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The youths who were promised N5000 naira by the administration have long withdrawn into their shells because the budget to which their allowances have been tied, even if they have to resort to being farm attendants, is mired in controversy. They are still amused by how a budget was not withdrawn as claimed by spin doctors of the government but got it figures changed in a new submission to the Senate by President Muhammadu Buhari. While they have not stopped in their admiration of the President’s integrity, most youths are worried about lies that pervades in governance.

Trust is still in the air but with the application of caution because since the youths hero promised in the United States of America that it is reeling out the names of those who stole our yams last October but all they have seen is the accused, the allegations and their charges. Neither the Governor of the central bank, custodian of the treasury, nor the Finance Minister seems to be aware that anyone has returned any loot and where it was deposited.

All they have continue to hear and seen replayed are the dramas that have dominated headlines. Issues bothering on contempt of courts, bogus allegations and anti grafts’ weightless charges hanging on the noose of the accused persons. These days when you put on the television and people see those scenes that now look orchestrated all they bark out is frustrations turned against the supposed ineptitude of media houses over lack of contents.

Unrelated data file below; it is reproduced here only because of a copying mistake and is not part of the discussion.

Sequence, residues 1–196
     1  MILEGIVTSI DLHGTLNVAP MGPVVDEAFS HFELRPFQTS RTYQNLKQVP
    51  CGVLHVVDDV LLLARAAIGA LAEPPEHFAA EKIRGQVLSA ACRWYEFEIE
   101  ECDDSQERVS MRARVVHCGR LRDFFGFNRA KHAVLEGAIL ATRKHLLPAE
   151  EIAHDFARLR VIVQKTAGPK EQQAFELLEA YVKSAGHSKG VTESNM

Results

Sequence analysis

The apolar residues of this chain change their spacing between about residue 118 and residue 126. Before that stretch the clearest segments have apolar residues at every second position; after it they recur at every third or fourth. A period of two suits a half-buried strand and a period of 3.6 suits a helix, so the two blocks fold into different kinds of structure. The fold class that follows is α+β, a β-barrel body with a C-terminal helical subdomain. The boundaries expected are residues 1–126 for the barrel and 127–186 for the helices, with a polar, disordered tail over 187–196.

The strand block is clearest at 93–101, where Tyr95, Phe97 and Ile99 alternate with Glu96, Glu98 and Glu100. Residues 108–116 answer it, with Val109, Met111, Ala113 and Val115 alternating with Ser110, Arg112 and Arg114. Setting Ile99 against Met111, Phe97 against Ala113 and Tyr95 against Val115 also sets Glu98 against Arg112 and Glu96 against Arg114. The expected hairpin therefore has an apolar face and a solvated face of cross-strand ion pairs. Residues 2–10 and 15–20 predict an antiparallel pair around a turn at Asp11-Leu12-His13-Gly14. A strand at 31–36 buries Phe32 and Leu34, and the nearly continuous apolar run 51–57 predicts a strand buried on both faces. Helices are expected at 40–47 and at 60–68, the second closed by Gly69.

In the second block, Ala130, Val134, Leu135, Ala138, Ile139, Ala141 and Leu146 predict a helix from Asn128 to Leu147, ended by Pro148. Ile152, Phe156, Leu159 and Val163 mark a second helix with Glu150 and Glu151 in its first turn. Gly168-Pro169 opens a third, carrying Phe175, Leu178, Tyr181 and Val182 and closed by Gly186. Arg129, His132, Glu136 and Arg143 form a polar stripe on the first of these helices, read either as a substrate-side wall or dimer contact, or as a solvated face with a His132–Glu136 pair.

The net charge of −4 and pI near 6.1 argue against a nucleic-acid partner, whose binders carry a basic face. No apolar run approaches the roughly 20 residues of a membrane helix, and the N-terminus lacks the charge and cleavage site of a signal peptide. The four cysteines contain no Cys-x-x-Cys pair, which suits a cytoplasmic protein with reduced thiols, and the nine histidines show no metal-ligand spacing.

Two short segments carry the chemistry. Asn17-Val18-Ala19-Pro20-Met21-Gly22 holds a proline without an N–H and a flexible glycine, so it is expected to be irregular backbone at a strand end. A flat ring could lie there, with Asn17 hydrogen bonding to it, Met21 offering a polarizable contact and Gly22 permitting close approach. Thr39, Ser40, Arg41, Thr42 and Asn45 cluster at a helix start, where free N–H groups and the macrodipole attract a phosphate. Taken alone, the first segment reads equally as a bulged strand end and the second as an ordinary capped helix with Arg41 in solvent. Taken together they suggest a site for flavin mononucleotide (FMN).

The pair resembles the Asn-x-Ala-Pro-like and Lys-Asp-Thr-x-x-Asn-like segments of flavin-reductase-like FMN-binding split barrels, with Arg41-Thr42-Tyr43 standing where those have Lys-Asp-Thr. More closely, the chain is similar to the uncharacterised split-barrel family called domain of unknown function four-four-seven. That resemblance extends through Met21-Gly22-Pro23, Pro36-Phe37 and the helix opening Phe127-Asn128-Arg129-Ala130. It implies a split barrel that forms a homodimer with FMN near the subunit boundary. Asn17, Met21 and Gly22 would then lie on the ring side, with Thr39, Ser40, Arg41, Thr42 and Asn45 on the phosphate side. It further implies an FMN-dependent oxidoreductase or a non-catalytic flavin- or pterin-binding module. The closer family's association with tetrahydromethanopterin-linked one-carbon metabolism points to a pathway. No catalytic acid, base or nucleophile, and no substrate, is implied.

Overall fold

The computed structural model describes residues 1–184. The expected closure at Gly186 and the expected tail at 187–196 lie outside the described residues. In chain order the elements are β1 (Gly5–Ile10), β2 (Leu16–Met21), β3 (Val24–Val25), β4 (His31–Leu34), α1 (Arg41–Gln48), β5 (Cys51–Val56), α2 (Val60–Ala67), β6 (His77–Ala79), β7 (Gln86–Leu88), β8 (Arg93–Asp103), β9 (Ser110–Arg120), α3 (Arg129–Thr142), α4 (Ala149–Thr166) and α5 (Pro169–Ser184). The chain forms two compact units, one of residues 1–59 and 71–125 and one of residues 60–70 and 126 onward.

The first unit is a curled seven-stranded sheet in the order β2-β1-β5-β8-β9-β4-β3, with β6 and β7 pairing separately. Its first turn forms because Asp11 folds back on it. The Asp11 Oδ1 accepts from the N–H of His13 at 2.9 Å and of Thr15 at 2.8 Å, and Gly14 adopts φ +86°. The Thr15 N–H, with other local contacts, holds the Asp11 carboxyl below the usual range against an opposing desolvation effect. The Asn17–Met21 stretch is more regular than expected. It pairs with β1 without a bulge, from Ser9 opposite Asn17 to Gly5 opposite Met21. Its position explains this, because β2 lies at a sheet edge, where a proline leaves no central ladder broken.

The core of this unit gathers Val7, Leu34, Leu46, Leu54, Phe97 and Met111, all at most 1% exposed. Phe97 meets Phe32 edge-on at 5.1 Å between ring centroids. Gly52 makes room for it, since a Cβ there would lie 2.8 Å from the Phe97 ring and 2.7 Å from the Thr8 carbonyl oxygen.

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People are worried that a country that relies on oil and the accompanying fallen oil prices should refrain from increasing budgetary allocations on frivolities that gave it reasons to query the previous administrations’ spendings as an opposition. Majority of the people are now sad that government has to continually sit on the neck of the media tribunals to sustain its campaigns against corruption when it holds the power and prima facie cases against accused persons. Why should a minister be obsessed about meeting with all stakeholders in the media industry at least twice in a month with all its genuine cases against the societal corruptions when it has journalists at its beck and call every other day on whatever clarifications.

Such exercises are in futility but affirms the Presidents’ earlier position that the ministers are ‘noise makers’ after all. Because in every government the work is suppose to speak for itself. It’s not about owning the media or making media friends at a time the opposition is so weakened; but on taking the right steps toward achieving enduring legacies by bringing about the change promised both obvious and the intangibles, in all spheres of our national life. And not allow a Donald Trump to smear us as rogues and thieves because our leader takes every opportunity to carpet Nigerians as corrupt at foriegn public forums without recourse on the overall implications of such statements to the generality of the citizenry. Unfortunately for the citizens, it is mostly the public servants and their permanent civil cousins that have recorded more cases of high profile corruption than the man on the streets since the formation of this republic in 1963.